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Ethiopia Launches Largest Electric Vehicle Factory in Debre Berhan

Ekene Lionel Avatar
Ethiopia electric vehicle


Debre Berhan, Amhara Region, Ethiopia — In a significant step toward sustainable transportation, Ethiopia has inaugurated its largest electric vehicle (EV) factory in Debre Berhan. The facility, built by local entrepreneur Belayneh Kinde at a cost exceeding $52 million, is poised to produce approximately 1,000 electric cars annually.

Ethiopia’s commitment to green mobility is evident in its ambitious plans. As part of the 10-year Perspective Development Plan, the country aims to import 4,800 electric buses and 148,000 electric cars. Last year, the government took a decisive step by banning non-electric car imports and introducing tax breaks for electric vehicles. This move aligns with global efforts to reduce carbon emissions and combat climate change.

Despite the promising developments, Ethiopia faces challenges. The economic landscape, marked by foreign currency shortages, has impacted previous initiatives. Notably, the partnership between Ethiopian businessman and Olympian Haile Gebreselassie and Hyundai to establish an EV assembly plant faltered due to these constraints. However, the new EV factory signals renewed optimism and determination.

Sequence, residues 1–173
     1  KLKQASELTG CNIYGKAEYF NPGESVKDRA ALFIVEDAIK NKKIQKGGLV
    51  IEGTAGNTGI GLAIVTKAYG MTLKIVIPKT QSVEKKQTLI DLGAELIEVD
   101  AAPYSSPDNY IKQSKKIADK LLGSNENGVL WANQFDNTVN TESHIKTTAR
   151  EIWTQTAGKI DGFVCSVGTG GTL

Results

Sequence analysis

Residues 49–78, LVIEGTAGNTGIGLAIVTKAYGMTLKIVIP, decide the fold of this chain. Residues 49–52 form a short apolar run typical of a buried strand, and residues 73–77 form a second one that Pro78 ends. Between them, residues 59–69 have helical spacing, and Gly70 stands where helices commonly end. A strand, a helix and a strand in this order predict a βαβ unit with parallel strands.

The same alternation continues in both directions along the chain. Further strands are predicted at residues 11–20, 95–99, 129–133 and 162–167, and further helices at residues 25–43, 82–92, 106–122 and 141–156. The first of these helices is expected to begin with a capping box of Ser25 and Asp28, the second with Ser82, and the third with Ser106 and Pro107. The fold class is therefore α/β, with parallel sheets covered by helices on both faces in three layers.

One critical factor in the success of electric mobility is infrastructure. Ethiopia’s $5 billion Grand Renaissance Dam, though unrelated to EVs, plays a pivotal role. The dam’s completion will enhance the electricity network, providing the necessary power for charging stations and supporting the growing fleet of electric vehicles.

A Green Future

Electric vehicle (EV) sales have surged, with growth in all three top auto markets: China, the US, and Europe. Sales increased by 160% in the first half of 2021 from a year earlier, to 2.6 million units, representing 26% of new sales in the global automotive market.

China remained the world’s top EV market, with 1.1 million vehicles sold in the first half, accounting for 12% of sales. In the US, EVs have been less popular. Only 250,000 units were sold, accounting for 3% of sales.

The Ministry of Transport’s recent announcement underscores Ethiopia’s commitment. Over 100,000 electric cars have been brought into the country, and 60 charging stations have been established in Addis Ababa. These efforts not only promote green transportation but also position Ethiopia as a regional leader in sustainable mobility.

As the EV factory in Debre Berhan begins production, it represents a significant milestone in Ethiopia’s journey toward a cleaner, more efficient transportation system. With continued investment and strategic planning, the country can pave the way for a greener future